U.S. fixed mortgage rates inched up on improving job market, said the Primary Mortgage Market Survey released Thursday by Freddie Mac.
The U.S. mortgage giant said the 30-year fixed-rate mortgage ( FRM) increased from 4.12 percent in the previous week to 4.15 percent in the week ending Thursday, lower than the 4.51 percent of the same period last year.
The 15-year FRM, a popular guide for those looking to refinance, edged up to 3.24 percent this week from 3.22 percent in the prior week.
"Mortgage rates increased for the week as the labor market appears to be improving," said Freddie Mac's chief economist Frank Nothaft in a statement.
"Based on the employment report released last week, the U.S. economy added 288,000 jobs in June, gained 224,000 in May and increased by 304,000 in April. Also, the unemployment rate in June fell to 6.1 percent from 6.3 percent in May," Nothaft said.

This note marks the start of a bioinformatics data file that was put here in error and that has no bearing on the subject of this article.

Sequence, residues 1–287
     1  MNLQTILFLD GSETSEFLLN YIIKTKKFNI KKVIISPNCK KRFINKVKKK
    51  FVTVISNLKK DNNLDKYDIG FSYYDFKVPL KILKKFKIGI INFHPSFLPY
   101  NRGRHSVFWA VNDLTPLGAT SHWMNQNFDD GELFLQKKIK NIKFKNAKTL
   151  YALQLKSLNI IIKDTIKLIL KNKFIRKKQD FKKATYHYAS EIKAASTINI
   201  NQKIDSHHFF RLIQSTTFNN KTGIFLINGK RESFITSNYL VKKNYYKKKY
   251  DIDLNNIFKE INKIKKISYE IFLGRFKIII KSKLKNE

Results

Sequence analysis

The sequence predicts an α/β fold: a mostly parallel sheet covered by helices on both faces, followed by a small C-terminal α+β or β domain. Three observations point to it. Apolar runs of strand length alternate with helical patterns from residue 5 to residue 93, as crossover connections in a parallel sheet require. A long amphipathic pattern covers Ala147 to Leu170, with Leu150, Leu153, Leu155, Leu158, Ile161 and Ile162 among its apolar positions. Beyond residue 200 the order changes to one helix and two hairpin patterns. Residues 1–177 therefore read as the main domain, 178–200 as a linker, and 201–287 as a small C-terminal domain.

The five-year Treasury-indexed hybrid adjustable-rate mortgage (ARM) rose from 2.98 percent last week to 2.99 percent this week, while the one-year Treasury-indexed ARM climbed to 2.40 percent from 2.38 percent last week.
The U.S. housing market has showed signs of slowdown since the second half of last year, as sharp increases in home prices and limited inventories, as well as higher mortgage rates, have discouraged many home buyers.